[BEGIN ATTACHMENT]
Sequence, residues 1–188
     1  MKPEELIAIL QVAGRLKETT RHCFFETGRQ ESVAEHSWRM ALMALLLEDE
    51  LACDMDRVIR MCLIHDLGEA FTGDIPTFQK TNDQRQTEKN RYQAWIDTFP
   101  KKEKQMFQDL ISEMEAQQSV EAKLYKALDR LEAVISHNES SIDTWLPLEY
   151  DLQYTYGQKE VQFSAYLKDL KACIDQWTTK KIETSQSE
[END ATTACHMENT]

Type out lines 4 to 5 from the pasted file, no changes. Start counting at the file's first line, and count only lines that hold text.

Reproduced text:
   101  KKEKQMFQDL ISEMEAQQSV EAKLYKALDR LEAVISHNES SIDTWLPLEY
   151  DLQYTYGQKE VQFSAYLKDL KACIDQWTTK KIETSQSE